Research in Focus: Rehabilitation After Hip Fracture for Nursing Home Residents
October 11, 2019
Citation: Beaupre LA, Magaziner JS, Jones CA, Jhangri GS, Johnston WC, Wilson DM, Majumdar SR. Research in Focus: Rehabilitation After Hip Fracture for Nursing Home Residents: A Controlled Feasibility Trial. Journals of Gerontology: Medical Sciences 2019; 74(9):1518-1525.
Hip fractures are common among older adults and are associated with significant morbidity and mortality. Older adults residing in nursing homes are at increased risk of hip fracture.1,2 However, nursing home residents are often excluded from hip fracture rehabilitation research and often receive limited post-fracture rehabilitation and achieve poorer outcomes when compared with community dwelling seniors who sustain a hip fracture.1,2 The purpose of this feasibility study was to determine whether nursing home residents would be able to participate in a structured hip fracture rehabilitation program and to compare their outcomes with nursing home residents who received usual care.
Feasibility study. Non-randomized design.
Participants assigned to outreach or control groups based on the hospital they were admitted to for surgical management.
Clinical assessors and investigators were blinded to group assignment.
Control group intervention:
Usual post-fracture care in their nursing home
Provided by nursing home rehabilitation staff
Three sessions per week for 10 weeks, delivered by one physiotherapist and two physiotherapist assistants
Consisted of bed mobility, transfers, ambulation and functional exercise
Content and difficulty tailored to the patient
Proxy respondents completed outcome measures via telephone interview at three, six, and 12-months post-fracture
FIMphysical domain scale
Euro Quality of Life Five-Dimensions Three-Level (EQ-5D-3L)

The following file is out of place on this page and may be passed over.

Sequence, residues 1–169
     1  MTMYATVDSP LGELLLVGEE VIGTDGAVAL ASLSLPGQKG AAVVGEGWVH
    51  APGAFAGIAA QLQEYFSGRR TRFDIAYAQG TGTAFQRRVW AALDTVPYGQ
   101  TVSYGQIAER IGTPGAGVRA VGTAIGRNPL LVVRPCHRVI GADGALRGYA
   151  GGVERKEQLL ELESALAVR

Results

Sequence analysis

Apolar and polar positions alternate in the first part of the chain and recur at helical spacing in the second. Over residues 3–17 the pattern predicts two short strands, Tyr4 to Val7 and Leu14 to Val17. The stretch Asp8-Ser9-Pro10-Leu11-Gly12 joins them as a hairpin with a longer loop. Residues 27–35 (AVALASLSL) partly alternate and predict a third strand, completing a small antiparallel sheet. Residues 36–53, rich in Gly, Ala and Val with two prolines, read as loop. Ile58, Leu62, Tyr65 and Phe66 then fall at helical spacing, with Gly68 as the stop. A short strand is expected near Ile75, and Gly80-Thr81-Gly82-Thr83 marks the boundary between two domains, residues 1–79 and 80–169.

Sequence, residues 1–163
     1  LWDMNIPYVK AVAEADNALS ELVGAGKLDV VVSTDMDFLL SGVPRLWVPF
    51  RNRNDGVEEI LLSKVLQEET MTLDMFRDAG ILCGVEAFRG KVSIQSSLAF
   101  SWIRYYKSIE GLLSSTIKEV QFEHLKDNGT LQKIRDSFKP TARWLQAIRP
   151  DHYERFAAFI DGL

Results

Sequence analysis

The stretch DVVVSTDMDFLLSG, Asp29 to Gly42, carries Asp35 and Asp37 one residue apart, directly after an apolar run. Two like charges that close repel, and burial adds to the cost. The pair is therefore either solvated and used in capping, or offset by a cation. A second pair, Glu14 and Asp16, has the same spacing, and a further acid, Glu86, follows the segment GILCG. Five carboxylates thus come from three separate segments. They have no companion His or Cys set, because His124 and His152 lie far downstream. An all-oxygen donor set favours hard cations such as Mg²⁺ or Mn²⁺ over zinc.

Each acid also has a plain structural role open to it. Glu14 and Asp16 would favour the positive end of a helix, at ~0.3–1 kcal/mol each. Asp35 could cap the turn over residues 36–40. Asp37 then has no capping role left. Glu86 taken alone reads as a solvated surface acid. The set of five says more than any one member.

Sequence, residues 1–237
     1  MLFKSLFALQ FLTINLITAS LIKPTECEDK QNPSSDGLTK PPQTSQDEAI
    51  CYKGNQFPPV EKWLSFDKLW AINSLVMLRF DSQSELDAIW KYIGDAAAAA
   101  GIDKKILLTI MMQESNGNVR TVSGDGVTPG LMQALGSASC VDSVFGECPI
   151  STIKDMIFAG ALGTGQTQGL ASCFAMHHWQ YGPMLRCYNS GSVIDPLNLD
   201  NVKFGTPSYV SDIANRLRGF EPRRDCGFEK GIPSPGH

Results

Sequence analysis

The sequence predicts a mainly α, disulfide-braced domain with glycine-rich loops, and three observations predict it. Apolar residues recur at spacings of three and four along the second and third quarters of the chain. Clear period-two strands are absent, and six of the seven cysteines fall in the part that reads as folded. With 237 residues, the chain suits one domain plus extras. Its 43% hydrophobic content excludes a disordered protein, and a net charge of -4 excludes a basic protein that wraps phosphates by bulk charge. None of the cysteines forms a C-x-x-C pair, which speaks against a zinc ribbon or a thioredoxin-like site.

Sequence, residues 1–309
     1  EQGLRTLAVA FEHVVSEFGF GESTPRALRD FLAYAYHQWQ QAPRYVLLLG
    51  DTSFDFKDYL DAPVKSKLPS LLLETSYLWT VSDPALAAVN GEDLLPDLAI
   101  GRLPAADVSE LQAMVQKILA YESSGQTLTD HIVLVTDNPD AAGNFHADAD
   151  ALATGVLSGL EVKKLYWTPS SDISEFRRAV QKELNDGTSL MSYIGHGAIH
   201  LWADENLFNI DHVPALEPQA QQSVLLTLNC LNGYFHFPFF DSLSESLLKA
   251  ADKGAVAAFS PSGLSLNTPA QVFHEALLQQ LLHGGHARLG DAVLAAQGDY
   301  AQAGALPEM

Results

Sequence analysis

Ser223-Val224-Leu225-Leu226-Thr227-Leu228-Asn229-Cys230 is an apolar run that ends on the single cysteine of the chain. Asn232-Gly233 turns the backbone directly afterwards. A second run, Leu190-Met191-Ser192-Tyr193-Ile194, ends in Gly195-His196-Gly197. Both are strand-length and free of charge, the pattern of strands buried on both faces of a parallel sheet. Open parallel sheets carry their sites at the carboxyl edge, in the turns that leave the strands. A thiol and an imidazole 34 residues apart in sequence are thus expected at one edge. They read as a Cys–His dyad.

Primary Outcome Considered – FIMphysical at three months post-fracture
Secondary Outcomes Considered – FIMphysical, EQ-5D-3L, FIMlocomotion and FIMmobility scales at 12 months post-fracture
77 participants were enrolled in the study; 46 outreach, 31 control
42% of participants were independently walking pre-fracture
55 participants were retained at three-month follow up. (16 deceased, six withdrawn from the study)
At three-month follow-up:
No significant difference in FIMphysical or FIMmobility between outreach and control groups
The outreach group had significantly higher FIMlocomotion scores
Both groups reported significant decline in FIMphysical, FIMlocomotion and FIMmobility compared to pre-fracture status
However, the control group reported greater losses in function and lower independence compared with pre-fracture levels than the outreach group
At 12-month follow-up:
Outreach participants reported significant improvements in all FIM scores and EQ-5D-3L compared with control group
There was no difference in mortality between the two groups
Participation and Retention
84% completed three sessions/week
65% completed the 10-week program (90% of these completed three sessions/week)
Treatment sessions were about 50 minutes in length